- Associated Press - Sunday, February 9, 2014

CASPER, Wyo. (AP) - Daisies stood in vases near the back of Mauro Diaz’s science classroom one recent morning at Dean Morgan Junior High in Casper.

“You brought us flowers, how nice,” one student said as she entered.

The daisies were for the day’s lesson about reproductive organs. Students overcame their giggles about sex and dissected the flowers at Diaz’s direction, looking for organs they learned about the week before.

Diaz, 43, moved slowly from table to table, meeting the gaze of each student with a question. One girl asked whether she could keep her flower after class. A boy wondered where on a worksheet he should draw ovaries.

Diaz asked as many questions as he answered, his soft voice barely rising above the level of a one-on-one conversation.

Ask Diaz what he wants changed in education, however, and he’s hard to quiet.

The Juarez, Mexico native is a teaching ambassador for the U.S. Department of Education this year. He serves on the governing board of the country’s only independent teacher certification program, the Arlington, Va.-based National Board of Professional Teaching Standards. His colleagues there say he provides a rural voice in a discussion otherwise dominated by concern for urban schools.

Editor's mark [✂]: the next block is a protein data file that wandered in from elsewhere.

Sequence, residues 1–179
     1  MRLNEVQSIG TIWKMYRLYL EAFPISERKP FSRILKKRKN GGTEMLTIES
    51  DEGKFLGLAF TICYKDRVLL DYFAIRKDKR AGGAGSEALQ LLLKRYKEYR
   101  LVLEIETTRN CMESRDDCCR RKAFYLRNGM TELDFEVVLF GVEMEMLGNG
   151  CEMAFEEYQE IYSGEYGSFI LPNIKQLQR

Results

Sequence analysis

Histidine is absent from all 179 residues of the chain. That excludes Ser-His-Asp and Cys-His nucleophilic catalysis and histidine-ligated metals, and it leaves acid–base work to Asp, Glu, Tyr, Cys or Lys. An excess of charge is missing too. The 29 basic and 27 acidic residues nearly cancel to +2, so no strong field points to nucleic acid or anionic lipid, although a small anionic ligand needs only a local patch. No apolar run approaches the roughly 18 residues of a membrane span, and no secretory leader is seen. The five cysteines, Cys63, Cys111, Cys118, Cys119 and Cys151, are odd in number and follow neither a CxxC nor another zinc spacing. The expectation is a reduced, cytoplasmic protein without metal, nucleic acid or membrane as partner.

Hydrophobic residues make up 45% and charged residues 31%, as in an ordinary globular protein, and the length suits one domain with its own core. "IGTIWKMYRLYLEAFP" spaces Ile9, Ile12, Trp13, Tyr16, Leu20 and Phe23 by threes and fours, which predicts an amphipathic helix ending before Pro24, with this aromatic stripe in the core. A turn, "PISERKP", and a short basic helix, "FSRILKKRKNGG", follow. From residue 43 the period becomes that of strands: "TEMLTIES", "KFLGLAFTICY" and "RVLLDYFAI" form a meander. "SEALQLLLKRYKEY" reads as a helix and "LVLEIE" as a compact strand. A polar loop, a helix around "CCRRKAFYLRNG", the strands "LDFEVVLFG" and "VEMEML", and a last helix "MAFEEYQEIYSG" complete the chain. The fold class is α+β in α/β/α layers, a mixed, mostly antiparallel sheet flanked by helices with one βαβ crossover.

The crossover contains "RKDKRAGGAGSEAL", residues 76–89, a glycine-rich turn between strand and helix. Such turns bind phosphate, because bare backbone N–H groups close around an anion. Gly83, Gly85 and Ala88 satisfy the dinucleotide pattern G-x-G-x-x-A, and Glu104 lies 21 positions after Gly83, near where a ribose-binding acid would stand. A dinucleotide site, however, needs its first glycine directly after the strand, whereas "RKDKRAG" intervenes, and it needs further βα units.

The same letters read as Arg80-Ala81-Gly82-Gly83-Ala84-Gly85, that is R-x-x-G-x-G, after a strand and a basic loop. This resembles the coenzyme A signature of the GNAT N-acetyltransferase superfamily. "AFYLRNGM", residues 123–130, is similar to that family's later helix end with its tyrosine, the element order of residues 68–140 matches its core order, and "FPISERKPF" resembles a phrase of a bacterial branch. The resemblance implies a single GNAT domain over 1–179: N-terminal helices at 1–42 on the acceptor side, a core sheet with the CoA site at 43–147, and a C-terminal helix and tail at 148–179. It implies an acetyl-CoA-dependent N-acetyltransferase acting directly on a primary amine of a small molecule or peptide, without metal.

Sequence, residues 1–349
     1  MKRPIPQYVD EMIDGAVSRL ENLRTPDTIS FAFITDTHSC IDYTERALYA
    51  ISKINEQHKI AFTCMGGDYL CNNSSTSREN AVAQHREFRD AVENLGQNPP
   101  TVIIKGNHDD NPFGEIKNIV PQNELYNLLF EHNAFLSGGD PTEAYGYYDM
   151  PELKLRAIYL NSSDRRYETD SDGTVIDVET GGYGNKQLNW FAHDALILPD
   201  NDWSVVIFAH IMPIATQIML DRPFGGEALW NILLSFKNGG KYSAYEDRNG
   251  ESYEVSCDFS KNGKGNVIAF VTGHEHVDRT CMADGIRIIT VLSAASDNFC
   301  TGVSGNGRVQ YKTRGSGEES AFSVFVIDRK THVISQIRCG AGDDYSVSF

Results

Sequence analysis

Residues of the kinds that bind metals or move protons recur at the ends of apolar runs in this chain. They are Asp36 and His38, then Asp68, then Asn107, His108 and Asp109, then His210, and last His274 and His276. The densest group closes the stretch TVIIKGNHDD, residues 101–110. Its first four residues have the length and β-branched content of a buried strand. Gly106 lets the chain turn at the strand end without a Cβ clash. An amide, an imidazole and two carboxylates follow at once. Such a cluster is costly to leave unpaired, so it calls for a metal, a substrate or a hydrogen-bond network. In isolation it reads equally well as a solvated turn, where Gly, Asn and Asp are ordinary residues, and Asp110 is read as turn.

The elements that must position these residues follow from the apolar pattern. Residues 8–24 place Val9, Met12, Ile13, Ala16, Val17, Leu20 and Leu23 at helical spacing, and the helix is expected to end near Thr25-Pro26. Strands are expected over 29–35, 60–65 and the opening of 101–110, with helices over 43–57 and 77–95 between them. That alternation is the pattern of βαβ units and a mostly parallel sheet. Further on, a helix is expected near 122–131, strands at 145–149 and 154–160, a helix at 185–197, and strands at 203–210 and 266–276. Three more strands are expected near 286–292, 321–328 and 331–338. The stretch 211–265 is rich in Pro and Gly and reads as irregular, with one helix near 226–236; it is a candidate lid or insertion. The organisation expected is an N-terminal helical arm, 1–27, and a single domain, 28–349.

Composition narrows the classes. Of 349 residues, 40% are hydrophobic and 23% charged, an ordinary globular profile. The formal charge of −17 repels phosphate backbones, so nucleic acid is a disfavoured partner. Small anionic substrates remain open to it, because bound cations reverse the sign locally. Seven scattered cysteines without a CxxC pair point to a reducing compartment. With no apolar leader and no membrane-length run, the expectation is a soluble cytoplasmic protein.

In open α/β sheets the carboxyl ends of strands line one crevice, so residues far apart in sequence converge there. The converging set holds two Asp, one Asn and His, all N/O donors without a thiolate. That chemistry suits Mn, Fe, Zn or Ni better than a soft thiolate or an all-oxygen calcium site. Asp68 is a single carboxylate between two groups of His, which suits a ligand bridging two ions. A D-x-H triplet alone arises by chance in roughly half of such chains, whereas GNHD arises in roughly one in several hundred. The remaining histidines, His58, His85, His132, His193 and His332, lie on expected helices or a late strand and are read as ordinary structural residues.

In a profession with growing focus on standardized tests and school accountability, teachers often feel reform is something that’s done to them. Diaz wants that to change.

When appropriate, he suggests students should be grouped by ability, not age. Teachers, like doctors, should complete an apprenticeship. Diaz opposes using student test scores to help determine a teacher’s evaluation, and he wants to build “passion time” into every student’s schedule.

Most importantly, Diaz says, teachers need a voice in the discussion.

- Beginnings

In a way, Diaz’s childhood move from Mexico in the late 1970s led him to teaching.

His mother and her four children relocated to the U.S. on a work visa when Diaz was about 8. They settled in New Mexico, where she worked at the county hospital.

Diaz’s father stayed in Juarez. He passed away in 1996.

“He drank a lot,” Diaz said. “And the drink kind of went to his head. I think my mom didn’t want us to grow up around that kind of violence. She wanted a future for us.”

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